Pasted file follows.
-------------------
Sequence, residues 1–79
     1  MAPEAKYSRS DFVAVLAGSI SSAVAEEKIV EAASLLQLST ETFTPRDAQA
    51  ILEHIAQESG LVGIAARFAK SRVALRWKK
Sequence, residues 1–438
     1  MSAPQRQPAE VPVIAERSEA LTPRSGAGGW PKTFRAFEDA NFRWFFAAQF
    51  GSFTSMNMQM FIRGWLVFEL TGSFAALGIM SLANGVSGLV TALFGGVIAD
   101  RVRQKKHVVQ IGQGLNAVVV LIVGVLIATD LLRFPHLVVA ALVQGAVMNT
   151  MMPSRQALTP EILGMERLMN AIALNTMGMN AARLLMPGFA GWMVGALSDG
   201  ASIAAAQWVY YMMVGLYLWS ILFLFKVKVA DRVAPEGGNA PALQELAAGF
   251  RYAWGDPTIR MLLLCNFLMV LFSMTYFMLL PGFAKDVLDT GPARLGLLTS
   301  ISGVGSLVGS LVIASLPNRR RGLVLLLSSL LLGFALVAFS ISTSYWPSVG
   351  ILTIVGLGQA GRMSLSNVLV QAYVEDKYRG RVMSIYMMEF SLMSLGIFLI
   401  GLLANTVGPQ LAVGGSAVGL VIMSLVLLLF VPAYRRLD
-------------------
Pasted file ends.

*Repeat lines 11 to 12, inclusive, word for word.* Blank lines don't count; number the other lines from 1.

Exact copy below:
   301  ISGVGSLVGS LVIASLPNRR RGLVLLLSSL LLGFALVAFS ISTSYWPSVG
   351  ILTIVGLGQA GRMSLSNVLV QAYVEDKYRG RVMSIYMMEF SLMSLGIFLI